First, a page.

Opinion by Richard Baird.
Osofor will be a digital-first and lab-grown diamond jewellery business able to create stones of any shape and cut. It will offer a modern and sustainable luxury brand to those who desire the material qualities of diamonds without the environmental and sociological impact. Osofor intends to distinguish itself further by fusing enduring aesthetic desirability and artisanal practice with experimental materials, unexpected production processes, a highly-personalised service and a “beautifully-designed immersive online experience”.
The business is currently at the stage of product development; working with scientists, material technologists and inventors to develop a carefully-crafted launch collection. Paul Belford Ltd. was commissioned by Osofor to develop its graphic identity. This is characterised by a variety of cut stone-like symbols, faceted stationery and an animated visual gesture online that refracts the white light of an uppercase sans-serif logotype. This links website splash page, business cards, letterhead and packaging.
Opinion by Richard Baird.
Maison De Greef 1848 is a high-end luxury jewellery brand, expert watchmaker and retailer that opened its first shop in 1848 at 24 Rue au Beurr, Brussels. Shortly after De Greef became the official clockmaker for the Belgian National Railway Company and then the supplier of pocket watches for the Belgian Navy.
The brand has built an enduring legacy and weathered many changes over its 170-year life. It remains a family business and is in the hands of its seventh generation. This new generation worked with Base Design to rethink the clichés of the market and develop a new graphic identity. This is characterised by a bold simplicity of type and in words, a contrast of colour and a conviviality of image, and included stationery, packaging, bags and website design.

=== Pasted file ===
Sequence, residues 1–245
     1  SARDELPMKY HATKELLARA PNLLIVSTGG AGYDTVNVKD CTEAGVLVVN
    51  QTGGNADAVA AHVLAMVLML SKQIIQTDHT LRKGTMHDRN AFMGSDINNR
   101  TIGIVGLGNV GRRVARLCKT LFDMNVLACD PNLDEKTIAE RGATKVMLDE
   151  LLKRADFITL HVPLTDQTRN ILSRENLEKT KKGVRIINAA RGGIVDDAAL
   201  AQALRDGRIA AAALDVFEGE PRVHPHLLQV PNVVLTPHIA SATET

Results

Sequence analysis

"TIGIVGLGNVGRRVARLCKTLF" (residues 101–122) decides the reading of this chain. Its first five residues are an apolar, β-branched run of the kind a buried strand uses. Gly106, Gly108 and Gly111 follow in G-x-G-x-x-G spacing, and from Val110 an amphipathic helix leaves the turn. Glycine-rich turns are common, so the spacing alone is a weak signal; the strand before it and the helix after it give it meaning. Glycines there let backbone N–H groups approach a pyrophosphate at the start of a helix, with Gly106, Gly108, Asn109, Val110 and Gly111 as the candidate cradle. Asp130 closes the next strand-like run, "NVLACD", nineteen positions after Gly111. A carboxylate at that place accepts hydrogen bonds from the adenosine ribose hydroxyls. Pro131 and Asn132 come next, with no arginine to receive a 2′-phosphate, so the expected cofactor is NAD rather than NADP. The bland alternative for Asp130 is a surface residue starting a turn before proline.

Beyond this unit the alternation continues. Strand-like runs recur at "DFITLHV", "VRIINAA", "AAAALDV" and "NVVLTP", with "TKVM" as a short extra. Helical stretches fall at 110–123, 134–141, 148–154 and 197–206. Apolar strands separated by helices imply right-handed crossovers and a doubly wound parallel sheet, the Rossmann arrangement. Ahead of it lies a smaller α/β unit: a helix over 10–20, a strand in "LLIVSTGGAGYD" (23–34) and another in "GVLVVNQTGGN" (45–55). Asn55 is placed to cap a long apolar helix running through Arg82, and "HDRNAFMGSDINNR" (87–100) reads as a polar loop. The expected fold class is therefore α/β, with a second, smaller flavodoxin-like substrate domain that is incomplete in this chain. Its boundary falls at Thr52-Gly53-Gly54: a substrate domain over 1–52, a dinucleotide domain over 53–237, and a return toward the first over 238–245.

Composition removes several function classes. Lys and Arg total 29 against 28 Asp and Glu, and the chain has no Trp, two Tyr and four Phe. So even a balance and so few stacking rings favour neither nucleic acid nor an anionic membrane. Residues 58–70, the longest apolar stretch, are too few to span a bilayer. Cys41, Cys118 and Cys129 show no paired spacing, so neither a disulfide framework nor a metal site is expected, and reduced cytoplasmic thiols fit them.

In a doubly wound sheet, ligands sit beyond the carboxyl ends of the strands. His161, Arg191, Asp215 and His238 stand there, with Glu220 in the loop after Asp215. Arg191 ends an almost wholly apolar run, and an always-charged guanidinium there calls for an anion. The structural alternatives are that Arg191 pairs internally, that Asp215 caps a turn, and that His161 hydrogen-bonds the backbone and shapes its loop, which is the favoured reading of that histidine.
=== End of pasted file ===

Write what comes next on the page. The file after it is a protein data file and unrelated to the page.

This first edition of LogoArchive in print was conceived, designed and sent to the printers for quotation within a day. It was inspired by a panel discussion that took place the day before at Somerset House as part of the exhibition Print! Tearing It Up. Today’s zine format and the revival of the independent publishing spirit of the past is a provocation. It is an opportunity to further the practice of research, archival and dissemination beyond the book. A chance to investigate the potential of both individual object and its context within an ongoing project.
This first edition is a compact 10 pages printed on Colorplan Ebony 175gsm with eight passes of white and finished with black staples, it is a small first step but with ambitions to grow into a compelling and accessible series with each new zine marking its role within a continuum through the addition of an extra sheet (4pp). It is the first printed piece to fall under the BP&O publishing arm and hope our readers will get behind this.
UPDATE: LogoArchive #1 has sold out. Thanks to everyone who bought a copy, to those that have shared images on Twitter and Instagram, those that took copies for their shops, and to LogoDesignLove, Design Week and Dezeen for writing articles about the project. I’m currently working on #2 and expect to have it ready early to mid-August.